Gay Marriage, and Government Licenses in General

The nice thing about libertarianism is that, unlike the Republican platform, it is consistent on the issue of political freedom and getting big government out of our personal lives. Even though I personally believe that marriage is only a God-sanctioned union between a man and a woman, it would be wrong for me to force my religion on others through political means, just like it would be wrong for me to force others to go to church, abstain from a promiscuous sexual lifestyle, give to the poor, abstain from prideful boasting, or obey God in general. These are choices that each individual must make on their own without being forced by anyone, including government. Although, I can use speech to try to persuade/convert others.

People should legally be able to voluntarily associate with each other in any way they wish (as long as they are not violating anyone’s rights) and that they can call those associations by whatever name they wish (such as “marriage”). The government shouldn’t be involved in any way. The government shouldn’t be able to define social interactions and give financial favoritism (tax subsidies, pension laws, etc.) to a type of association that it deems more worthy than others. The word “marriage” shouldn’t even show up in any law. If two gay people want to get married, I personally think that that marriage is illegitimate and sinful, but I also believe that they, and anyone, can still legally live their lives that way and call it “marriage” if they want to call it that.

We shouldn’t have a Word Police going around regulating definitions of words. Should dictionary writers have to get govt approval whenever they want to adjust meanings of words to reflect common usage? No. As a comparison, consider various relationships; each person’s relationship with Christ is even more important and sacred than the marriage relationship of two mortal people. Consider that both adults and children are much better off and spiritually and socially healthier if they have a proper relationship with Jesus (I’m imitating arguments used for regulating marriage). So, given the importance of this Christ-person relationship, should the govt then define what it means to be a Christian, what the word “salvation” means, and what it means to have a relationship with Christ? Should the govt issue “salvation certificates” to those it deems properly Christian, and then give such people special treatment and tax breaks? No, no, no, and no! If you agree that the govt should not regulate and define the Christ-person union, then you should be consistent and also agree that the govt should not regulate and define marriage. If govt should stay out of the Christ-person relationship, which is even more important than any person-person relationship, then it should also stay out of the person-person marriage relationship.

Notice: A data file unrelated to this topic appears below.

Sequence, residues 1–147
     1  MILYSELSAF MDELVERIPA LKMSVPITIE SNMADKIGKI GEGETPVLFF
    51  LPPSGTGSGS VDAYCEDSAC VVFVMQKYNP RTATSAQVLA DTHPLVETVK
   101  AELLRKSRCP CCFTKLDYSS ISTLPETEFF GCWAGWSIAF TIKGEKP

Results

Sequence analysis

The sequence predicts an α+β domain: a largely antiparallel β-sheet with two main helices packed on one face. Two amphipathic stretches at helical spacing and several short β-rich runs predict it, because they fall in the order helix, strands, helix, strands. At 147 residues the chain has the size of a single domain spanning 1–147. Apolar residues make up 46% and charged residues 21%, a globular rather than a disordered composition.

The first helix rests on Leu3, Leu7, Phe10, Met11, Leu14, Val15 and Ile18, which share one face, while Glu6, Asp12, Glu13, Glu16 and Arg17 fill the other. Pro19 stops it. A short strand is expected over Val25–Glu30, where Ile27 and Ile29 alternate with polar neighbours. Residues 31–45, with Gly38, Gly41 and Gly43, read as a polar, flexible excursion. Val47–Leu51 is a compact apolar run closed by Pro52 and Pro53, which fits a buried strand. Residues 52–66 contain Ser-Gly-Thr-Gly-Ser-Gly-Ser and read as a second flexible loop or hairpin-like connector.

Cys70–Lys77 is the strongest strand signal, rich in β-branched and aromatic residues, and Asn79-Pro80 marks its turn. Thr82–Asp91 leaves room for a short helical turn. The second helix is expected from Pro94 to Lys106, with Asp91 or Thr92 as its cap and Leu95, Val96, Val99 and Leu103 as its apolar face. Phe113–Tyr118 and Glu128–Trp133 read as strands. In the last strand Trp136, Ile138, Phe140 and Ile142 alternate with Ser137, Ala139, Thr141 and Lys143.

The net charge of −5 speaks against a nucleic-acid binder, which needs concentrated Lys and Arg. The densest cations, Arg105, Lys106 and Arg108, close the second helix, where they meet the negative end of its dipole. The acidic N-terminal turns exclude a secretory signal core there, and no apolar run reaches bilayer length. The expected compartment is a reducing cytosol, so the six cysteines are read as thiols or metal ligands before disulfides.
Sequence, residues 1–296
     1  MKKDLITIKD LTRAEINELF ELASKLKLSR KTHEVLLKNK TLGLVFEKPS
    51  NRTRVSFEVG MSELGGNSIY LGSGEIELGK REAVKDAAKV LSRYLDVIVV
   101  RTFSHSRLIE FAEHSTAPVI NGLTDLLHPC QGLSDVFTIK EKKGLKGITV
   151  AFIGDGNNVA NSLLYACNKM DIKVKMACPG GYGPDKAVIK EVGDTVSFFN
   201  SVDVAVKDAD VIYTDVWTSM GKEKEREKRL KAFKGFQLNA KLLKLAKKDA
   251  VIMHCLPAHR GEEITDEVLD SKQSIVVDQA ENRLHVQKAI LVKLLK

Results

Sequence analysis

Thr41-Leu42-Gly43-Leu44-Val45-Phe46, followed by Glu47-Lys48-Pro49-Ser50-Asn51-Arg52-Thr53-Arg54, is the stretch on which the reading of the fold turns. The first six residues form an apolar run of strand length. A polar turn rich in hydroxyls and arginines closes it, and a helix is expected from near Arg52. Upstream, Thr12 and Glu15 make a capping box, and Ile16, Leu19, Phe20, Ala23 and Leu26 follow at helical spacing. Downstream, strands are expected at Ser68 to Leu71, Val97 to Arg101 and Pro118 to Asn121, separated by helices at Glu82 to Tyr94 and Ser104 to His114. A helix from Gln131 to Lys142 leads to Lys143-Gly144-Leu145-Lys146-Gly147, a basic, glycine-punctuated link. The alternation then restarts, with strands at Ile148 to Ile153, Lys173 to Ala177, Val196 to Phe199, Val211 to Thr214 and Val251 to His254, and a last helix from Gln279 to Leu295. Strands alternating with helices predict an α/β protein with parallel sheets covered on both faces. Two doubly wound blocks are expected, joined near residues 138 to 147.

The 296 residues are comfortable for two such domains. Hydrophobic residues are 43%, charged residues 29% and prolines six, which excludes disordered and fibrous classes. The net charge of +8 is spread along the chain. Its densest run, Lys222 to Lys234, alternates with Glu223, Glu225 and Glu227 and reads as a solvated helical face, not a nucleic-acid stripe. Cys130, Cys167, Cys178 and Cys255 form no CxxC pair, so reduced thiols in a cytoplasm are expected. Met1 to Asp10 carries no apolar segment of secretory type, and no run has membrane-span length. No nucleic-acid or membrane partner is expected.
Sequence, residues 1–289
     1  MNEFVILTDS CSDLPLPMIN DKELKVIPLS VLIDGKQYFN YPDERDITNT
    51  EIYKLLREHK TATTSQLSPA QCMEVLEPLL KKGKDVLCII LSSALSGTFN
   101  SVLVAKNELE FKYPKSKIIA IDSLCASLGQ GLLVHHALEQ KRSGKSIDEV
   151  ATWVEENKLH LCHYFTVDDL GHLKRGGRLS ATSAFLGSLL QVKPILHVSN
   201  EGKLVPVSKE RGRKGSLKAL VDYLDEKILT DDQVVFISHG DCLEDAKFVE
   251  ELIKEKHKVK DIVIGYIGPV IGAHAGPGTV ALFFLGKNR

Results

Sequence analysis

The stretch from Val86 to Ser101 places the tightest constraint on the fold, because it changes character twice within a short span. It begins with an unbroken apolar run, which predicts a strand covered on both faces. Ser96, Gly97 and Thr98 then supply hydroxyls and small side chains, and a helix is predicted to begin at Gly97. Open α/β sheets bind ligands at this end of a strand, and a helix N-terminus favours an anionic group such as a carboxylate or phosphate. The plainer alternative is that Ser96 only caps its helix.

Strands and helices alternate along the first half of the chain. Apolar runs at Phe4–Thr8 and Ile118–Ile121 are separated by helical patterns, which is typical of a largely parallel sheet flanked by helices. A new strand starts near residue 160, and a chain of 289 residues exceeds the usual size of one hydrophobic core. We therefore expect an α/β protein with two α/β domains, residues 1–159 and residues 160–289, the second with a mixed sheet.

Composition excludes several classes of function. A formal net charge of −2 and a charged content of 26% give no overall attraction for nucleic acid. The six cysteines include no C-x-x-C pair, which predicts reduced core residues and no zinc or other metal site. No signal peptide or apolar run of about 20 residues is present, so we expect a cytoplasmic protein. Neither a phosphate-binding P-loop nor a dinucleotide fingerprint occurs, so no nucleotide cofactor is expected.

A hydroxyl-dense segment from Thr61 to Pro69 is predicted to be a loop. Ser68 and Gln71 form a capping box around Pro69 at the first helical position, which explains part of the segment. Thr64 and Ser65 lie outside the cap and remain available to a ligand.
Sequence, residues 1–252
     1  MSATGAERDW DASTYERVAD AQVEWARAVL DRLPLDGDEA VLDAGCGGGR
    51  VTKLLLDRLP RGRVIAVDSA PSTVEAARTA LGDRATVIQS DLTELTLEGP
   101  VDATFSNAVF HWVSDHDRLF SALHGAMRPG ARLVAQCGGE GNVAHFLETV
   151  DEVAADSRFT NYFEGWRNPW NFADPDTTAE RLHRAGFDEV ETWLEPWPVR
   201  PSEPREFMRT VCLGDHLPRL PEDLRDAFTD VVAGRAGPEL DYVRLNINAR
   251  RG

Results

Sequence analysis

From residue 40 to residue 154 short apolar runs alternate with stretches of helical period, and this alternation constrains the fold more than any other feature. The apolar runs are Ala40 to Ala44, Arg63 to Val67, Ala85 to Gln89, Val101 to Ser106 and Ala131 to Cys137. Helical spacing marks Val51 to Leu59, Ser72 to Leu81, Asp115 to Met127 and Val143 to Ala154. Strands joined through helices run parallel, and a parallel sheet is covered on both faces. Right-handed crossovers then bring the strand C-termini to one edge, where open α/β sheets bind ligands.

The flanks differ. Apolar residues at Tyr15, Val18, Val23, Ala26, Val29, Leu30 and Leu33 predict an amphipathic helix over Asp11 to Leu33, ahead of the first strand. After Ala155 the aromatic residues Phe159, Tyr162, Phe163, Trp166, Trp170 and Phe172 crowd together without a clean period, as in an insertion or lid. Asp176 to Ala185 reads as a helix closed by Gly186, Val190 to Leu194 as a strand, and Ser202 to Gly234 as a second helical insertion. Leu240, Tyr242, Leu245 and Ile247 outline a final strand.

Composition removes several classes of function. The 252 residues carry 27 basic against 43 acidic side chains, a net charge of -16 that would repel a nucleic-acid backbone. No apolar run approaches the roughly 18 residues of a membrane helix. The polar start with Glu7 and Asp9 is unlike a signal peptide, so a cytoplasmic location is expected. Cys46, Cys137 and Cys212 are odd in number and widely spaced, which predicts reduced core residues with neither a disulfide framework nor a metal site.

If I want to be officially married, why should I have to go to the state? If you think marriage should be done in public, it can still be a “public” declaration in front of your community without having to go to the govt. If you are a Christian, be satisfied with your church’s custom of making a marriage official. There shouldn’t be any marriage licenses in existence issued by the government. If your church or other group decides to issue “licenses” or certificates, that’s your business. Let marriage mean to you what it means to you (and/or your God). And, any issue that SEEMS to require an official state marriage license can actually be handled through voluntary contracts between parties, such as employer and employee pension terms. If you think that you need a legally binding contract on certain issues (like prenuptial agreements, or how your property will be transferred in case of death), then you can still make those contracts with whomever you choose. That doesn’t require a state to license marriages. Maybe you’re afraid that, without state licenses, you won’t be able to verify if a couple is “truly married”. My response is: you have no right to use force in order to know the legitimacy of someone else’s marriage in the first place. There may be a time when you are in the grocery line and a couple next to you happens to mention that they are married, and you might get upset and think to yourself, “But, are they “really” married according to my standards?” You’ll just have to live with the fact that you may not be able to satisfy your nosy desires.